I’ve been disappointed in myself that I haven’t been as active on Twitter or in my favorite Twitter chats or Google+ communities since school began. Then I realized that I’ve had to develop different priorities. To everything there is a season. At least I’m still listening to education podcasts. And I’m confident that I’ll resume active participation in my online PLN (professional learning network) as I create a comfortable and efficient school routine. It takes time.
Teachers constantly shake their heads at non-teachers’ envy of our “summers off.” Ironically, my summers are even more packed with professional development activities than the rest of the year. This summer I presented at two conferences, attended two, put in 3 days of site and district learning, plus spent countless hours of thinking and planning and dreaming about the coming school year. Granted, I also attended San Diego Comic-Con and visited Washington DC. But I collected there ideas to share with my students.
My commitment to and enjoyment of growing in my profession remains steady even though my activities wax and wane. Twitter can wait.
Several recent events led me to choose this topic and title and to write about it. One was Facebook reminding me what I did on each day several years before. I USED to blog every day, even if only about silly, apparently trivial observations. But those old posts reminded me of certain moments of learning in my life that I did (or didn’t! absorb into my common practice today.
Another was hearing an interview on NPR’s The Frame of Casey Affleck at Telluride this year. John Horn asked Casey if he enjoyed watching himself in his movies over his 20-year career and Casey replied “not really” and that he wasn’t sure why. Rather, he recounted a story of doing construction work summers in his youth in Boston, and of one job where they had to build a short flight of stairs. No one, not even the foreman, knew what they were doing, but they figured it out together. It’s still there, and Casey points it out to friends when they go by. Casey analogized that to making movies. It’s not the product he finds inspiring, but the conversations and creativity that are part of the process.
I’ve blogged on process over product before. I, too, am not a fan of reliving past successes or dwelling on past failures. EXCEPT insofar as they inform what I DO NOW. For example, I’m quite proud of a short music video I made at a summer CUE Rock Star Teacher Camp with parody lyrics and a green screen, not because it’s great (it’s not!), but because it’s a useful teaching tool. I don’t recount many legal war stories from when I was in private practice or a legal editor in the Bay Area, except for those that illustrate a point about good writing. (“Know your audience” and “Always read the statute first.”)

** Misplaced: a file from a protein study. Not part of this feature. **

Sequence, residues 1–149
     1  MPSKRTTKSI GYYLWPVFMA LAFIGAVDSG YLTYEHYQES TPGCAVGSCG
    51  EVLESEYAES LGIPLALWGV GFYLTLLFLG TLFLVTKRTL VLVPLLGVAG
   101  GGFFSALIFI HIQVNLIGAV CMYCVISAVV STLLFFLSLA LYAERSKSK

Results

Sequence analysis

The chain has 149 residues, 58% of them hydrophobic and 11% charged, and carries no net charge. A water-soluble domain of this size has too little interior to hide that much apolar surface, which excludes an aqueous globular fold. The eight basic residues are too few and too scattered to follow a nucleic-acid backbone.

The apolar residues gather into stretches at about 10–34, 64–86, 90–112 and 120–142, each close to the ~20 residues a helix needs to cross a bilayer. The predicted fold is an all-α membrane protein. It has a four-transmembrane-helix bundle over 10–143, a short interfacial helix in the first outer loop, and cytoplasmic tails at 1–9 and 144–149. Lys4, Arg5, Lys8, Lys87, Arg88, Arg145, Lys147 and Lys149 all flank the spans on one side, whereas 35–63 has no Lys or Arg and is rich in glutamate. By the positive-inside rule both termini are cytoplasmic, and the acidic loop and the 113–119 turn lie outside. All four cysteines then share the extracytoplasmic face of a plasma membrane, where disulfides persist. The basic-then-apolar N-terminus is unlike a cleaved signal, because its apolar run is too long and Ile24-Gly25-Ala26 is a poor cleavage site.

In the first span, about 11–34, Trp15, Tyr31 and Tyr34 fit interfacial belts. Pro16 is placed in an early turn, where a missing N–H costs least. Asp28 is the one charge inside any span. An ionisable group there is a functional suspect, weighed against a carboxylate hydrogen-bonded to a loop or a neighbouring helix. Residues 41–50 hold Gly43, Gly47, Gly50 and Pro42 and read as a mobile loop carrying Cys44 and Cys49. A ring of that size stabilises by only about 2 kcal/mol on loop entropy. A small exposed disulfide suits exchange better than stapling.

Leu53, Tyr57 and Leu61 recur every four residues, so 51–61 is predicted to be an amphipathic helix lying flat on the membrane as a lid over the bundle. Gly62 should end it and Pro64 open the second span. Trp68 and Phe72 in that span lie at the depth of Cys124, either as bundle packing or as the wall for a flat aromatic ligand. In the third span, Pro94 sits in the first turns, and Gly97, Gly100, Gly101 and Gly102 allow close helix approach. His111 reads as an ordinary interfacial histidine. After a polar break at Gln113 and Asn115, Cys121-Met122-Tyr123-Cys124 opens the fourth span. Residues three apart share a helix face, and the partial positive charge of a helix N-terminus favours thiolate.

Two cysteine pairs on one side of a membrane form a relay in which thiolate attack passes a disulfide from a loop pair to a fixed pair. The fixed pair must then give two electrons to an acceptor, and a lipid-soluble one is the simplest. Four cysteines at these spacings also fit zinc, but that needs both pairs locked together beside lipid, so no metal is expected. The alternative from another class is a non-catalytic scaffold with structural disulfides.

A third event was a fleeting reference to the concept of “flow” which quantifies why people are happiest when fully engaged in a challenging activity. I see it in my students (pictured above) when they solve puzzles with our BreakoutEDU kits. I feel it in myself when I’m researching and designing and executing new lesson plans with new students and tech tools and educational priorities each year.
The final event was flipping my calendar page to October. Even though this school year began in late-August, it still feels like we just started a few weeks ago. Time flies! And so does the opportunity to document my learning each day.
So that’s why I’m blogging again. I want to remember my learning each day. I teach to learn.
Photo credit: bina.au
Me, again! Not uncommonly, I go through bouts of writing paralysis and writing … prolificness. I found the past school year incredibly demanding and the summer crazy busy, but have decided that writing is too important to me NOT to take out a few minutes at least five days a week to document my thoughts.
- Appreciate each other daily. The health challenges plagueing our elderly parents have forced me and my DH into thinking about our own planning for the future. Perhaps this is TMI (too morbid info) but our Christmas gift to ourselves last year was a funeral plot and prepaid plan that saves a ton of money on an inevitable expense. More importantly, we are more careful of our own health. My Pokemon GO obsession comes just in time to encourage me to walk around more.